Justifiedan appropriate strategy, taking into account the reasonable alternatives, and based on proportionate evidence;

Effectivedeliverable over the plan period, and based on effective joint working on cross-boundary strategic matters that have been dealt with rather than deferred, as evidenced by the statement of common ground; and

Consistent with national policyenabling the delivery of sustainable development in accordance with the policies in the NPPF.

If you think the content of the Plan is not sound because it does not include a policy where it should do, you should go through the following steps before making representations: 

  • Is the issue with which you are concerned already covered specifically by national planning policy (or the London Plan)? If so, it does not need to be included. 
  • Is what you are concerned with covered by any other policies in the plan on which you are seeking to make representations or in any other plan? 
  • If the policy is not covered elsewhere, in what way is the plan unsound without the policy? 
  • If the plan is unsound without the policy, what should the policy say?


Duty to Cooperate 

The duty to cooperate came into force in November 2011 and any plan submitted for examination on or after this date will be examined for compliance. Councils will be expected to provide evidence of how they have complied with any requirements arising from the duty. Non-compliance with the duty to co-operate cannot be rectified after the submission of the plan. Therefore the Inspector has no power to recommend modifications in this regard. Where the duty has not been complied with, the Inspector has no choice but to recommend non-adoption of the plan.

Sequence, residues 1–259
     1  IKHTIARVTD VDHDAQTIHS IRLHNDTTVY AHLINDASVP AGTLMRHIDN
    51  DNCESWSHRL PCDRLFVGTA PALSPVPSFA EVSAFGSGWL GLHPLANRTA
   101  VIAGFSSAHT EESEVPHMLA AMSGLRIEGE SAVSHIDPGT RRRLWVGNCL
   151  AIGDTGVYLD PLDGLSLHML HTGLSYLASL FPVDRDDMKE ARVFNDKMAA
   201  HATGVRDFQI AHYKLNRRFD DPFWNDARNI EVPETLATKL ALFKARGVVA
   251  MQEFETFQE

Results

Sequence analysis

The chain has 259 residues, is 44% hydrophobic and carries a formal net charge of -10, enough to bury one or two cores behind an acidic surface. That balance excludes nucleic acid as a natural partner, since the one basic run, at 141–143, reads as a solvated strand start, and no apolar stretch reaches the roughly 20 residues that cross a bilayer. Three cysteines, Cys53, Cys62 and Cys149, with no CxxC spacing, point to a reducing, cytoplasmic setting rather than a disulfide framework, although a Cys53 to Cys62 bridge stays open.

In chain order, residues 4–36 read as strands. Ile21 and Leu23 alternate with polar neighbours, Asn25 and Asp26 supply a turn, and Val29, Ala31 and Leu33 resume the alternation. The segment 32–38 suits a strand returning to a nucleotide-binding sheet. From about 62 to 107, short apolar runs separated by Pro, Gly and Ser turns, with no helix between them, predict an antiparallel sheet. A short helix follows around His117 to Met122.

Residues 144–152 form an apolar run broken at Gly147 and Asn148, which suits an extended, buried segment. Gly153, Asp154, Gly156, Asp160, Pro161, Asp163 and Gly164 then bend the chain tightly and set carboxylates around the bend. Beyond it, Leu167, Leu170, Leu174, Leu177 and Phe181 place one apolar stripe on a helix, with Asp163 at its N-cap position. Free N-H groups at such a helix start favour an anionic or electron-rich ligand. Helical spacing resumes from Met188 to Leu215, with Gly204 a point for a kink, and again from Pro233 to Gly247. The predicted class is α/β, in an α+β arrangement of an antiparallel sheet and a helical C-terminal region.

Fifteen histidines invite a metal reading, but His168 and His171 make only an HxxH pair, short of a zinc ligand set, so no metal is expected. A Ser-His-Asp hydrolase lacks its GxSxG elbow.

General advice 

If you wish to make a representation seeking a modification to a plan or part of a plan you should make clear in what way the plan or part of the plan is not sound having regard to the legal compliance, duty to cooperate and the four requirements set out above. You should try to support your representation by evidence showing why the plan should be modified. It will be helpful if you also say precisely how you think the plan should be modified. 

Representations should cover succinctly all the information, evidence and supporting information necessary to support/justify the representation and the suggested modification, as there will not normally be a subsequent opportunity to make further submissions based on the original representation made at publication. After this stage, further submissions will be only at the request of the Inspector, based on the matters and issues he/she identifies for examination. 

Where there are groups who share a common view on how they wish to see a plan modified, it would be very helpful for that group to send a single representation which represents the view, rather than for a large number of individuals to send in separate representations which repeat the same points. In such cases the group should indicate how many people it is representing and how the representation has been authorised.